I ran across a blog post by Jeffrey McManus, who runs a for-profit training organisation called CodeLesson. You can find his post here. Jeffrey’s thoughts appear to be (my summary):
- Most students want to learn applied software engineering, not computer science.
- Undergrads don’t know if courses are good or bad, therefore they are captive consumers, therefore all universities are slow to adapt and reform.
- Two universities in commuting distance shouldn’t have the same academic departments because more courses encourages mediocrity. (Does this apply to internet providers like, for example, Jeffrey’s?)
- We should be using good online courses instead of mediocre or outdated (implicitly not on-line) ones.
- Most university courses aren’t that good if you want applied software engineering, because PhD graduates are out of data by about 5-10 years and have apparently never updated their skills. But, that’s ok, because it’s not the academic’s fault, it’s the fault of a crusty old dean somewhere.
- Our academic departments should be reorganised frequently.
I’ve tried to be pretty fair in my summary but you should go and have a look at the site for yourself because (a) I work at a Uni so I might be biassed and (b) I wasn’t very impressed so I may have filtered him a bit, for which I apologise but I am human. I agree with a few of his points, or parts of his points to varying degrees, but I suspect that he’s got too many interacting issues jammed together – there are any number of business people whose hair will turn white if you say that constant reorganisation is the path to success.
I hear arguments like this occasionally but it makes me sound like I’ve trapped these students in my evil cave and I won’t let them out until they graduate. Far from it! When I start in first year, I tell them that if they just want to program they should leave and go and do a tech course somewhere. They can be a successful programmer in 3-6 months. If they want to innovate, lead, and be ready for the challenges of the future, including writing the languages and systems that everyone else can learn to use in those courses, then they probably want to hang around. (Yes, yes, famous college dropout counter-example – who mysteriously employs a vast number of people with CS or ICT degrees. Moving on.)
Points 2, 4 and 5 don’t really hold up, to me. Point 2 is either irrelevant or universal – therefore irrelevant. Lack of discernment can’t just be limited to undergrads so this ‘inability to detect rubbish’ skill should lead to everyone being slow to adapt and reform. If you’re in any awful program then wouldn’t know it until you developed enough knowledge. Yes, college courses are longer but we have all sorts of industry placement, outreach and practical programming exercises to try and deal with the problem of transition to industry. Apart from anything else, our students are developing other skills as well as coding. Coding doesn’t equal computer science. Point 4 assumes that because applied software engineering can be taught online it should be taught online. The entire point is based on the assumption that face-to-face is mediocre. Point 5 is actually pretty offensive. Are we all sitting around pulling on our grey beards and contemplating our navels, having looked at nothing else for 10 years?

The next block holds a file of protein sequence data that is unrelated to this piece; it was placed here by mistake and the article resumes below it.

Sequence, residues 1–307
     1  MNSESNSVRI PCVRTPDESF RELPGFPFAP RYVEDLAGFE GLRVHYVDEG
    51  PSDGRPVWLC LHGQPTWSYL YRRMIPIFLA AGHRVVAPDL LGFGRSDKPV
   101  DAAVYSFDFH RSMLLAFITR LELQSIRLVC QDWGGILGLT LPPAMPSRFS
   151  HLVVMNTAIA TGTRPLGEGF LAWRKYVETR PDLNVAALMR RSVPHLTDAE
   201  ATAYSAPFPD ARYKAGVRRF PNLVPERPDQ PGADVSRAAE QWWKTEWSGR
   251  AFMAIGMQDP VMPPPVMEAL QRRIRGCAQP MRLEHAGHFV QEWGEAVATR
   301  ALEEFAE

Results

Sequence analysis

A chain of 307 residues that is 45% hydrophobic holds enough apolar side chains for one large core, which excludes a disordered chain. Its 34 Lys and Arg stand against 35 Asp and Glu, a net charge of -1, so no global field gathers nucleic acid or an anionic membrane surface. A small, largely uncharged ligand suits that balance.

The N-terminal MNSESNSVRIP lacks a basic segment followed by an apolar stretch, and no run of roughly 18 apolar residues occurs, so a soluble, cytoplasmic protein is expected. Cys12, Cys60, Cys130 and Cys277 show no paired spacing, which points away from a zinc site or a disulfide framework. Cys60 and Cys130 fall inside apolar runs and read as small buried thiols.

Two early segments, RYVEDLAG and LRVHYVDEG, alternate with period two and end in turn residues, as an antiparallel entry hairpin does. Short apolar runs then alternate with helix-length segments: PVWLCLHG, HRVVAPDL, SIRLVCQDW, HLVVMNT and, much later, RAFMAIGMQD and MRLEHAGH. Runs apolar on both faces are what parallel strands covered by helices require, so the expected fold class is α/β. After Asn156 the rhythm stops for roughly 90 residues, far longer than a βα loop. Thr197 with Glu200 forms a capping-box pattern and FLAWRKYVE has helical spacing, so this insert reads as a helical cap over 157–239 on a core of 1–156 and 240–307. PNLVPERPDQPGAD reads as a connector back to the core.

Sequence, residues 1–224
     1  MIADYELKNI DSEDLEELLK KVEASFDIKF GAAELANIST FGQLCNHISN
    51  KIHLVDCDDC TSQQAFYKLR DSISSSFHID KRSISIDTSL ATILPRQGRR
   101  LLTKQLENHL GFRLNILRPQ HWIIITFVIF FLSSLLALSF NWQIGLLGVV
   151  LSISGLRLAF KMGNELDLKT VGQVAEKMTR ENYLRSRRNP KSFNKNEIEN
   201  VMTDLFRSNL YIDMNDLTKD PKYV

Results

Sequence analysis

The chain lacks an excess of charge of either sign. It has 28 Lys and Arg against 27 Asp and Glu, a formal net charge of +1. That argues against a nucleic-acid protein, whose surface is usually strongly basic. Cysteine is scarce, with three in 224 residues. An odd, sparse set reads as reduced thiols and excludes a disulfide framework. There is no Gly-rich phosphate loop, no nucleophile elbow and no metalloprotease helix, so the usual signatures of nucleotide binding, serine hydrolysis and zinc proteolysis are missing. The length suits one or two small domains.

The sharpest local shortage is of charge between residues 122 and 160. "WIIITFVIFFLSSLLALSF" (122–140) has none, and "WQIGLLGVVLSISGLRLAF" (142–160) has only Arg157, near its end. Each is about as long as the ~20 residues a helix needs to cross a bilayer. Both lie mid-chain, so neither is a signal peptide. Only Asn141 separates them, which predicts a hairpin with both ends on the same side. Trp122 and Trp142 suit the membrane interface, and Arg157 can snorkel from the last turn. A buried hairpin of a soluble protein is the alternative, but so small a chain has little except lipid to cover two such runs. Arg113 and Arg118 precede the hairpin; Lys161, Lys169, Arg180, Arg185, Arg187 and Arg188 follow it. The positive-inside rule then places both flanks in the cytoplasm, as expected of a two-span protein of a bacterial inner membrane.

Once again, we’ve got this terrible issue with our identity and the way that we are regarded. Once again, we have a case for building up perceptions of our community and getting rid of this farcical representation of our profession and our Universities.
There is a rebuttal on the post, which isn’t really necessary as he’s walking his comments list and shooting down pretty much all opposition. It’s worth reading the comments to remind yourself how many people think that we produce graduates to produce professors to produce graduates (rinse/repeat). Someone discussed the idea that a CS degree is only partially about what you need next year and what we may need to have to do in 10,20 or 40 years. Jeffrey’s response?
I will probably be dead in 40 years time. Anyway, who says they can’t provide education that’s relevant both today and in decades hence? Virtually every other technical discipline seems to be able to do that.
Now, I’d argue that a lot of us are doing that but maybe we come back to that issue of ICT identity. Here’s a guy who is actively making money running on-line courses that are built on technologies developed by people who have the degrees that he doesn’t think are necessary – and he doesn’t seem to realise the issue with that. Or, he does, because he’s a businessman, but not enough other people do. We’ve still got an identity crisis to address.
Should we aiming to maintain (or develop) excellence? Yes. Should we balance industry and academic requirement? Yes. Should we be using on-line effectively? Yes. That, however, is not what I believe Jeffrey is saying – I think that he’s saying that we are intrinsically unworthy and, to an extent, providing a mechanism to waste a student’s time when they could be learning pertinent information at a reasonable price in an on-line manner.
He seems to be pretty keen on addressing posts that disagree with him so I’ll wait to see if he shows up here. In the meantime, read the post, especially the last line where his entire business case is based upon people believing everything else that he wrote in that post.